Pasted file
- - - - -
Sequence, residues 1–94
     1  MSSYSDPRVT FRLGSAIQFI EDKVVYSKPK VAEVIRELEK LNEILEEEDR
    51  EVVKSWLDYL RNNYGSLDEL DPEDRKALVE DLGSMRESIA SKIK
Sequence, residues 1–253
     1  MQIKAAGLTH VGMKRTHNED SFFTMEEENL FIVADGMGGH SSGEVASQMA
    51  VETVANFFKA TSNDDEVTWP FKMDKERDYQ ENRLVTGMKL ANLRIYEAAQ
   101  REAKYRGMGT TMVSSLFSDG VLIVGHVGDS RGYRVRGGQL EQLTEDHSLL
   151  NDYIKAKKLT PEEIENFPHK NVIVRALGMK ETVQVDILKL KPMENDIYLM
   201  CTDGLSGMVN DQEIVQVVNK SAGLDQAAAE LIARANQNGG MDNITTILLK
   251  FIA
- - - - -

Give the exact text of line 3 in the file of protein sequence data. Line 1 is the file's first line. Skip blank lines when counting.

    51  EVVKSWLDYL RNNYGSLDEL DPEDRKALVE DLGSMRESIA SKIK